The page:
Economic Research Forum (ERF)

The economic and social transformation of the Middle East and North Africa

54
The crises that began with the Arab revolts signal the urgent need for economic and social transformation in the Middle East and North Africa. Yet there has been near universal failure to implement the structural reforms required to transform hidebound, state-dominated economies into modern ones that embrace technology and recognise the salutary impact of competition and private enterprise. This column outlines what has to change.

In a nutshell

MENA countries need to carry out a consistent set of reforms and ensure that these reforms are underpinned by the strong approbation of the broader citizenry, especially the youth.

To strengthen their economies and provide the groundwork for a new internationally competitive job market, MENA countries should act on two fronts.

First, they must promote a new digital economy; and second, they must encourage development of the private sector by reducing the size of utilities and other state-owned enterprises.

Nearly eight years after the Arab revolts, the Middle East and North Africa (MENA) region is at a crossroad. While both the so-called Arab Spring and the persistent oil price collapse signalled the urgent need for economic and social transformation, the reforms and the associated social cohesiveness needed to bring about such a transformation have yet to be consistently pursued. MENA economies must soon seize the moment if they are to create a new reality for the youth.

To be sure, the uncertainty caused by the Arab revolts and the collapse in oil prices that persisted for several years led to reduced growth and fiscal imbalances that forced countries to focus on short-term measures, pushing aside any long-term initiatives. The need to confront short-term problems over long-term problems was clear, and the problems were widespread. Even oil importers were hurt by lower petroleum prices because reduced capital flows, remittances and grants from oil exporters in the region often offset the lower fuel bills.

Macroeconomic policies – including exchange rate and fiscal adjustments – helped to restore internal and external balances in some countries (mainly those that had built buffers during good times) and the rise in oil prices over the last few years has helped exporters while derailing importers.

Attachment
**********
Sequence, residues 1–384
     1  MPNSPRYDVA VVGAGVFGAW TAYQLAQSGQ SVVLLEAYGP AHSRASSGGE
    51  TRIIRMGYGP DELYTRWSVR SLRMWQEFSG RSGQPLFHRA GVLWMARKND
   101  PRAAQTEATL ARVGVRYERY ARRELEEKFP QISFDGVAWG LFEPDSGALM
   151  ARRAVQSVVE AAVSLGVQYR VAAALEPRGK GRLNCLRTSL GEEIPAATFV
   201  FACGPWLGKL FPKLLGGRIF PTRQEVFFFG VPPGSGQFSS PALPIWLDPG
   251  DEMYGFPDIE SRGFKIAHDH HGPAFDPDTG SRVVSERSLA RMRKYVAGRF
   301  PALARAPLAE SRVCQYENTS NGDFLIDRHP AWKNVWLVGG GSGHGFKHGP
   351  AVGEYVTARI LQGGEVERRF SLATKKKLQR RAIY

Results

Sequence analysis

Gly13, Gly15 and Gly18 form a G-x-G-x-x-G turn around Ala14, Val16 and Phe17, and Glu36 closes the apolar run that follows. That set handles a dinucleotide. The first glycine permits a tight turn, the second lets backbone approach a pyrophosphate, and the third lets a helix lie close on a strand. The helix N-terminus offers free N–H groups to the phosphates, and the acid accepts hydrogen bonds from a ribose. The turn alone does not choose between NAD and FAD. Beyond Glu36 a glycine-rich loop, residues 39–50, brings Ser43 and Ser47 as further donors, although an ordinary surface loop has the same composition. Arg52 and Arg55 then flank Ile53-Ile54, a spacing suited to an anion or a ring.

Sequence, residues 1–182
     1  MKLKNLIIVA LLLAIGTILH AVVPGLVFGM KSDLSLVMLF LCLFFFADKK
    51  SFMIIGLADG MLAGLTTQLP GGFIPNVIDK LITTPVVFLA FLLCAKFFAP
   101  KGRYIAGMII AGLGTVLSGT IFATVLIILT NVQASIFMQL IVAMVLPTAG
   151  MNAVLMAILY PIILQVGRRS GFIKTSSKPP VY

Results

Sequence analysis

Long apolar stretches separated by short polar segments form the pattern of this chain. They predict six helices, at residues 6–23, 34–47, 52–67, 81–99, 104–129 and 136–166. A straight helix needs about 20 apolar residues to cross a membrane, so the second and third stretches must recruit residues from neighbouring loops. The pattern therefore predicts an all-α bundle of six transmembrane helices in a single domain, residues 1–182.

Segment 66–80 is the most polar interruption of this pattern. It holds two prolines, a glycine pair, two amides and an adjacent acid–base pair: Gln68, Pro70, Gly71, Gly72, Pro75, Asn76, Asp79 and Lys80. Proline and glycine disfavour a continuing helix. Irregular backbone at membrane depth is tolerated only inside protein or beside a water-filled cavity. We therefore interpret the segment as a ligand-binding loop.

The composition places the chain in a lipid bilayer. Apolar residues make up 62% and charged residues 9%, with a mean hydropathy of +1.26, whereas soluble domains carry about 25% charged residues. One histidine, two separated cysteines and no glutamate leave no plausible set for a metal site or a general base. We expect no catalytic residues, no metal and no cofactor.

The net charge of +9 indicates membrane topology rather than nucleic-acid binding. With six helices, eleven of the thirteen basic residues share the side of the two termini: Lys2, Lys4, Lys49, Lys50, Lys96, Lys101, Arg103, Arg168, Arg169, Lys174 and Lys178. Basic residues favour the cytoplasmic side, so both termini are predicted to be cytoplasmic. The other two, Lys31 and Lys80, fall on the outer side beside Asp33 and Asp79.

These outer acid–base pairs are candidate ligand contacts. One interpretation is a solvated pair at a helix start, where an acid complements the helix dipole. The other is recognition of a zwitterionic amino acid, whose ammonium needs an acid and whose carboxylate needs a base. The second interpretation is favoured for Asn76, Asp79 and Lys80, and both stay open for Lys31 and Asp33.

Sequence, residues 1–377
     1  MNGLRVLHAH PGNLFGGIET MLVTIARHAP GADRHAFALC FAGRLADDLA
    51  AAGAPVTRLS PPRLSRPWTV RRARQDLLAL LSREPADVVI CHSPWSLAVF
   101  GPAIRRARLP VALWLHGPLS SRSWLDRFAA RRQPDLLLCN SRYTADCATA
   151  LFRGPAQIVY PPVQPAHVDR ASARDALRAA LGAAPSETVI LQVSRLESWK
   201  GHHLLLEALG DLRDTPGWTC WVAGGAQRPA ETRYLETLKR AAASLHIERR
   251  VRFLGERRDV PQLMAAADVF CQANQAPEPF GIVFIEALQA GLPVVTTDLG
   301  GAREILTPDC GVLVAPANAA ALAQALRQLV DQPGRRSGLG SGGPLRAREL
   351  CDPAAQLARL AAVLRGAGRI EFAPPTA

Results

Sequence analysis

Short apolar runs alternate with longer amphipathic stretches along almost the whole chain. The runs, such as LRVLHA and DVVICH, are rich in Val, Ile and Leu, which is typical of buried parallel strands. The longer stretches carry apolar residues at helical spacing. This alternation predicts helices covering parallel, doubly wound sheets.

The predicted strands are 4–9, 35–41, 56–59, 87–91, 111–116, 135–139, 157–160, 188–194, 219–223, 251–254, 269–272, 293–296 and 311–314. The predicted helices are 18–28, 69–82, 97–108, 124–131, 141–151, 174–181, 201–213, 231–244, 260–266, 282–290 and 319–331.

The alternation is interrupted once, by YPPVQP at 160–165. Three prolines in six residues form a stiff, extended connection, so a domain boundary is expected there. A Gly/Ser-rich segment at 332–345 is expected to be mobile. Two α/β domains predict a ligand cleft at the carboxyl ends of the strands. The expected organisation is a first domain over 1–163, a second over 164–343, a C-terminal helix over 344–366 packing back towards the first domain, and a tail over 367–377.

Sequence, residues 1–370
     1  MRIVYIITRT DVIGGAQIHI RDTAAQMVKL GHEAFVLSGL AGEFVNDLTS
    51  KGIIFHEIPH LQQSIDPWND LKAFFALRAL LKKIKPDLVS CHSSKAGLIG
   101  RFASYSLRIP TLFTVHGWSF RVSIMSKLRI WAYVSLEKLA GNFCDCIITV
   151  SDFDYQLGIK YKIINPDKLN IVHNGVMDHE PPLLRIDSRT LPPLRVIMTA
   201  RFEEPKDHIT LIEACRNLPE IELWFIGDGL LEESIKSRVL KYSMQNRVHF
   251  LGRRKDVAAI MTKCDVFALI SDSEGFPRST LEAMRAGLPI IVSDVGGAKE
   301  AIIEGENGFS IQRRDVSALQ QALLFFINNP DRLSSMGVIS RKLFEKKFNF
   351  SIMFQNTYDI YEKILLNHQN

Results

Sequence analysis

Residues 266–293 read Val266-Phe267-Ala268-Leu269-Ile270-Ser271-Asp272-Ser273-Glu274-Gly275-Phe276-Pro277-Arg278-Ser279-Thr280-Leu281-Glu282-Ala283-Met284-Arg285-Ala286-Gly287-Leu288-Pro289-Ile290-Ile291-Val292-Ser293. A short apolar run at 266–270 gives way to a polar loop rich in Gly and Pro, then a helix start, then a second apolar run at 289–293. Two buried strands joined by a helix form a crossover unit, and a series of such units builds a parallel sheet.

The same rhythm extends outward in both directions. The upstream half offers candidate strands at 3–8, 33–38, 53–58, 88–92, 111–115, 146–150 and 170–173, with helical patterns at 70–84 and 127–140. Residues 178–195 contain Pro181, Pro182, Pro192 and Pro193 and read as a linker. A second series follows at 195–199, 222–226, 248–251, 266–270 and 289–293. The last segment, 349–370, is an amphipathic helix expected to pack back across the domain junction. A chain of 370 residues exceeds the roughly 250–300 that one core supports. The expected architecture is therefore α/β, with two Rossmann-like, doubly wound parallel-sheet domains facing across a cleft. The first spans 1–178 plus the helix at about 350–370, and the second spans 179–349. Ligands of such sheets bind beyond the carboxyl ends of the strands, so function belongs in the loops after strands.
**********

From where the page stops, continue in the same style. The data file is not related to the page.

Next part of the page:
But the crises that began with the Arab revolts resulted in a near universal failure to implement the long-term ‘structural’ reforms required to transform hidebound, state-dominated economies into modern ones that embrace technology and recognise the salutary impact of competition and private enterprise. There has been much talk about structural reforms but rather limited cohesive commitment to action.

Structural reforms are crucial in MENA countries. The difficulty that firms face in entering markets is an overwhelming reason for the longstanding anaemia of MENA economies and the job-poor growth in the region. Indeed, nearly every country – whether importer or exporter of hydrocarbons – has varying degrees of impenetrable market structures, which hinder the millions of young people attempting to enter the formal labour market to get decent paying jobs.

In most MENA countries, nearly all important businesses are state-owned, including banks, and the apparatus to promote competition and antitrust is in its infancy in most countries. The barriers to entry (or, in economic parlance, lack of contestability) also help to explain why most people work in the informal sector – at low pay and without social insurance.

There is no time for complacency, considering the rising aspirations of the region’s fast-growing and increasingly educated youth population. MENA countries need to carry out a consistent set of reforms and ensure that these reforms are underpinned by the strong approbation of the broader citizenry, especially the youth. To strengthen their economies and provide the groundwork for a new internationally competitive job market, MENA countries should act on two fronts.